I used to cook pastries and tarts quite a bit, and one thing that always intrigued me was how recipes vary in their treatment of citrus. For instance, if you make a lemon tart, you can generally do the whole thing in one day and it'll set up just fine. An orange tart like tart a l'orange seems to require the filling to set for several hours longer.

Aside from obvious flavor differences between citrus fruits (lemons, limes, oranges, grapefruit, etc.) are there acidity or other variances that require different techniques to get basically the same results? If I used limes in lemon tart recipe, would I get a lime tart?

This link on Wikipedia wasn't all that helpful...

1 Answer 1


There are three (to the best of my knowledge) main factors at work here:

  1. Pectin. This is a gelling agent, a bit like gelatin. Fruits such as apples and plums are very high in pectin; citrus fruits are not that high in pectin but citrus peels are incredibly high, so if you're using any of the peel, you're getting tons of great pectin.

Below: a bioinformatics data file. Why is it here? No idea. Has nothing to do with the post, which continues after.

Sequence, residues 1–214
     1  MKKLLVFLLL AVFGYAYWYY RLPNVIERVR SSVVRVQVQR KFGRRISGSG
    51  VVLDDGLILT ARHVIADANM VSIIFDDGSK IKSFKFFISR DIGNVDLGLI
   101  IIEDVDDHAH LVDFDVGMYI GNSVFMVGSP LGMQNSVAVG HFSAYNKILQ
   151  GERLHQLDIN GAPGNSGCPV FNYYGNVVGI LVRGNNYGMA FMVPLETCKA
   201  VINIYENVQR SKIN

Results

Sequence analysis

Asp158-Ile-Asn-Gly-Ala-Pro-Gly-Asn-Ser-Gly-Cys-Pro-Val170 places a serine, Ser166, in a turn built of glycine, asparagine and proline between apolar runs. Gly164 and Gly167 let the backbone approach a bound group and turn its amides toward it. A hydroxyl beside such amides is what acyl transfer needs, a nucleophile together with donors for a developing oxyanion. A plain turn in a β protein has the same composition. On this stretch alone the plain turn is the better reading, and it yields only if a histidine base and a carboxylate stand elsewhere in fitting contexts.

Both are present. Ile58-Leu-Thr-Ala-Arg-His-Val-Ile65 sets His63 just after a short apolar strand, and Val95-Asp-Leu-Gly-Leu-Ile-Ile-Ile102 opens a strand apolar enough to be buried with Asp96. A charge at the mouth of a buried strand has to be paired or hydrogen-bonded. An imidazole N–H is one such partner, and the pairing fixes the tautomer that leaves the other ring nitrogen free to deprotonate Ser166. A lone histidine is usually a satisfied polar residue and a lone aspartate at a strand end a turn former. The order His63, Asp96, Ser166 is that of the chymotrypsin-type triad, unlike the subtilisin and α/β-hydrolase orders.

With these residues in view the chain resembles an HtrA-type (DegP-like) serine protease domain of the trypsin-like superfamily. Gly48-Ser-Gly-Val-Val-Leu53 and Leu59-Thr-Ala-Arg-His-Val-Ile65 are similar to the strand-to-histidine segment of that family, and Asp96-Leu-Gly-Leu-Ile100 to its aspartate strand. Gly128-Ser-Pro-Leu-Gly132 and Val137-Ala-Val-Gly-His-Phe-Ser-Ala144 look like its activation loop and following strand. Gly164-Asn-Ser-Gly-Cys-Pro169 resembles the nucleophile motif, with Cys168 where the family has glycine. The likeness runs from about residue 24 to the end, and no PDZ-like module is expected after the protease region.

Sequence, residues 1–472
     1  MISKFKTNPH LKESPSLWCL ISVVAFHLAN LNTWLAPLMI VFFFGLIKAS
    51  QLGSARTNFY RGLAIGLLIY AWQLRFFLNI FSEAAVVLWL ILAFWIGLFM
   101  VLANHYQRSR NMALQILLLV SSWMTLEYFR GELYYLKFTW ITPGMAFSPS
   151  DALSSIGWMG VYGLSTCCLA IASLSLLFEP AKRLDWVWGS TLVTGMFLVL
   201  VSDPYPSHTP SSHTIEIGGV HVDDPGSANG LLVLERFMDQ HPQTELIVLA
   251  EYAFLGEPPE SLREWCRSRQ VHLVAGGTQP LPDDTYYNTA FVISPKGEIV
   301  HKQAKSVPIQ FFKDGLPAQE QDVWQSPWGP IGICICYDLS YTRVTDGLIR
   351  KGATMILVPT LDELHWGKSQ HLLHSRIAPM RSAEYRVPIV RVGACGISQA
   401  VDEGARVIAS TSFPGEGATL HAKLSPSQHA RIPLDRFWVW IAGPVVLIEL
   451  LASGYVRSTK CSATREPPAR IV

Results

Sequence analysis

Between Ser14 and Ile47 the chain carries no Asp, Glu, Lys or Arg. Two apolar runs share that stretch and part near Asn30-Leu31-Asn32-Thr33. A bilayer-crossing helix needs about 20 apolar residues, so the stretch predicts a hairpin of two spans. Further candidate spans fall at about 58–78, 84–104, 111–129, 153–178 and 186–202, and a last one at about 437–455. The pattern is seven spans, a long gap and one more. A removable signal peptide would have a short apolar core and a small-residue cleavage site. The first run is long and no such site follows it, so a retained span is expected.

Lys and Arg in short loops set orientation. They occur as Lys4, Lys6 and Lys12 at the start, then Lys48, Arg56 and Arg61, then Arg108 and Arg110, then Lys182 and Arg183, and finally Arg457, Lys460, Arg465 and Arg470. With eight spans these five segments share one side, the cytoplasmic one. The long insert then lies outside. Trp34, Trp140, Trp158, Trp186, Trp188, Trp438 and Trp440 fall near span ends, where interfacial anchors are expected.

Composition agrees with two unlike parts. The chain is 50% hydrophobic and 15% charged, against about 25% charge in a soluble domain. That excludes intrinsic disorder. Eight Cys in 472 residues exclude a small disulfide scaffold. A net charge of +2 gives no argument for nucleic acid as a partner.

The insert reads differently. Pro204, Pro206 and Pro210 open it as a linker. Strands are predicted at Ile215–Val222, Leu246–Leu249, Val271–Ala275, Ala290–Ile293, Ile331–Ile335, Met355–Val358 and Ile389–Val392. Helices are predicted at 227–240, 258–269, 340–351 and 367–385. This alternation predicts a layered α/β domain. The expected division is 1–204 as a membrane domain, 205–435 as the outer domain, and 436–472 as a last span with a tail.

Obviously, the more pectin, the faster and firmer it's going to gel. If the fruit doesn't contain much pectin then you're going to have to cook it down a lot or just add actual pectin (you can buy it in stores).

  2. Acidity, as you suspect, makes a big difference. It's not just acidity, it's the relationship of acidity to pectin as above. For more details read The Role of Acid in Jelly Formation. Basically, pectin gels best at a pH of 2.5 (almost exactly the pH of lemon juice) to 4.5 (about the pH of sweet grapes).

    It's best to hit the sweet spot in the middle rather than the extreme ends, so you won't generally be using pure lemon juice, you'll be adding some sugar and other ingredients. Which leads me to the final factor:

  3. Sugar. As described in The Role of Sugar in Jelly Formation, sugar precipitates the pectin, basically making the pectin molecules less soluble which mimics the effect of a higher concentration. Therefore, more sugar makes the jelly set faster.

So: Pectin-rich fruits + high acidity + high sugar content = fast setting.

There are actually various other factors that affect the pectin (which is pretty much the only gelling agent at work when working with natural fruit jellies) like salts and even alcohol, but in the vast majority of recipes, it's acidity and sugar that are your primary concerns as well as the actual pectin content of the fruit itself.

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